Death is the consequence of sin: By one man sin entered into the world, and death by sin; so death passed upon all men, for that all have sinned. [Romans 5:12]
Death is inevitable: It is appointed to men once to die . [Hebrews 9:27]
This mortality includes, not just people, plants, and animals, but everything in the physical universe: I saw a new heaven and a new earth, for the first heaven and the first earth were passed away [Revelation 21:1]
This is basic biblical doctrine, to which Christians profess adherence, yet many Christians are no different than most other people in that they avoid dealing with the thought that some day not only they, but everyone and every thing they know is going to be dissolved. This avoidance is surely understandable, but it is just as surely not excusable, because it has a definite effect on the way we live our lives, not just as individuals, but as persons in society with other persons.
We know in our inmost selves it is true: Even the death-avoider lives under deaths shadow. Indeed, he lives more under deaths shadow than anyone else, for he is furthest from the light of truth. He knows the truth of this matter, but instead of accepting it, he resents it. He further resents or avoids anyone who reminds him it is going to happen to him, whether that person be his physician, his spouse, his friend, his pastor. At bottom his is a resentment against God, who is going to let it happen to him, who is not going to make an exception for him.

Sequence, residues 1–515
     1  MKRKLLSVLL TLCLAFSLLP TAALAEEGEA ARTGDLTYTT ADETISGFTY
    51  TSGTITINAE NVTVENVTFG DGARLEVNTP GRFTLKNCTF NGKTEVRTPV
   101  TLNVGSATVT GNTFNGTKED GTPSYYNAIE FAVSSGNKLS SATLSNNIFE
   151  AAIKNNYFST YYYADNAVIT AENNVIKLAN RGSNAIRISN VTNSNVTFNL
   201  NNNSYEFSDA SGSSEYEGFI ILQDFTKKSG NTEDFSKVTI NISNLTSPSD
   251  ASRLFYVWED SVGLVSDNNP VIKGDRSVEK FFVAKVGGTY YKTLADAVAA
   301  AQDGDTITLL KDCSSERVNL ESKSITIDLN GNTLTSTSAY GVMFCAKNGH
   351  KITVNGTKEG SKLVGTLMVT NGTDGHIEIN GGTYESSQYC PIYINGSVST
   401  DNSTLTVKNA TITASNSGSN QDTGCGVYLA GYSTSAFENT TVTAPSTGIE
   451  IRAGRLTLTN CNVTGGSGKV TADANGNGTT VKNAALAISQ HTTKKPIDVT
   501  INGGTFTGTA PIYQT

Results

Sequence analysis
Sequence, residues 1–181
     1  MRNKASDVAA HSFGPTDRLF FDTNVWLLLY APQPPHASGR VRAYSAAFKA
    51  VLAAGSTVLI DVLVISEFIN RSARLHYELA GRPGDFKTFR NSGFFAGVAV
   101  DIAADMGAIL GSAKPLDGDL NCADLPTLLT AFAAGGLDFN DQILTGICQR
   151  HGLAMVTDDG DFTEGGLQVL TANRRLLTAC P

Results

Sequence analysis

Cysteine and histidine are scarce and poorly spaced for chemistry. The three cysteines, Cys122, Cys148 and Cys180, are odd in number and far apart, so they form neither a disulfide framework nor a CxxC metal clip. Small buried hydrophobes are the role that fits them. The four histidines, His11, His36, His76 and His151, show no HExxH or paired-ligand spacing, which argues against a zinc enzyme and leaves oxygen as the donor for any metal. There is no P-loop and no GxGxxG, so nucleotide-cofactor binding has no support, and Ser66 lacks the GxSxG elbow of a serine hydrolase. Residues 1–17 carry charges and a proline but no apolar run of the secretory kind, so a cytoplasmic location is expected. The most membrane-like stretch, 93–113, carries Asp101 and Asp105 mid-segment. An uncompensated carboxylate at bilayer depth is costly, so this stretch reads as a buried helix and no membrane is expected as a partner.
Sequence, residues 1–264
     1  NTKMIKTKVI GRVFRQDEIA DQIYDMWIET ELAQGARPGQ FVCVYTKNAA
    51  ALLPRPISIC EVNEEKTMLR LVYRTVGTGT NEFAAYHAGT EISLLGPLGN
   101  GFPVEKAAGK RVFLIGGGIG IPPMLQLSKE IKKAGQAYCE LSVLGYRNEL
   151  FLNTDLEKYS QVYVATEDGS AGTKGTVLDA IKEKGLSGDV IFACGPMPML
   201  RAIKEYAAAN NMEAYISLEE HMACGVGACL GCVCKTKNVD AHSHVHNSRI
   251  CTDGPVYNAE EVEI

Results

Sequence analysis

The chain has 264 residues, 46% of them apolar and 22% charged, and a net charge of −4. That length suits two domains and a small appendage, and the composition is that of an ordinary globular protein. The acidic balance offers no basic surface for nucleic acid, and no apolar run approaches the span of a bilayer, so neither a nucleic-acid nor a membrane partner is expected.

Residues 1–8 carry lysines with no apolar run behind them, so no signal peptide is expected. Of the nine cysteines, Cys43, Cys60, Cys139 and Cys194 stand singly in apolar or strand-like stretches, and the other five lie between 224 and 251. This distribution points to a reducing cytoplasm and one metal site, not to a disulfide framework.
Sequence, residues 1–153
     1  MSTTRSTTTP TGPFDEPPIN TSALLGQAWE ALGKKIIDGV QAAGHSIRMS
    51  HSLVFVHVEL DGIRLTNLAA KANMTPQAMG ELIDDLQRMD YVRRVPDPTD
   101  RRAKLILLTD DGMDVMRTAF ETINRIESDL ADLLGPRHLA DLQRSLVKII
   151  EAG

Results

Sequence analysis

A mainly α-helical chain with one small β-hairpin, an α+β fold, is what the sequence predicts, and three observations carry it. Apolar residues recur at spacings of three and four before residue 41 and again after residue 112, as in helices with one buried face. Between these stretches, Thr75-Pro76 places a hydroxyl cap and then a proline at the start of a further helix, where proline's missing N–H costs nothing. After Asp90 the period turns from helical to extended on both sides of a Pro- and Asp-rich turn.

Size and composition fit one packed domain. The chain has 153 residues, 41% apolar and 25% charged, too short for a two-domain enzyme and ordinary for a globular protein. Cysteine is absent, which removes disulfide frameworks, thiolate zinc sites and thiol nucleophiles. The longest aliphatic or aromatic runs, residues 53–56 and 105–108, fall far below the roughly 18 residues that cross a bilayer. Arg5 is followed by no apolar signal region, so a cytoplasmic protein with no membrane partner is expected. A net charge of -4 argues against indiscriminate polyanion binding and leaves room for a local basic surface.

The denial of death leads to an inability to grow in faith, in hope, and in charity, for it is a denial of the truth, without which none of these virtues can grow. The death-avoider makes himself susceptible to more lies about other aspects of reality. His will to do good becomes paralyzed. He becomes increasingly unable to pray, especially for the divine grace of perseverance (faithfulness unto death). He may begin to exempt himself from the moral law as well.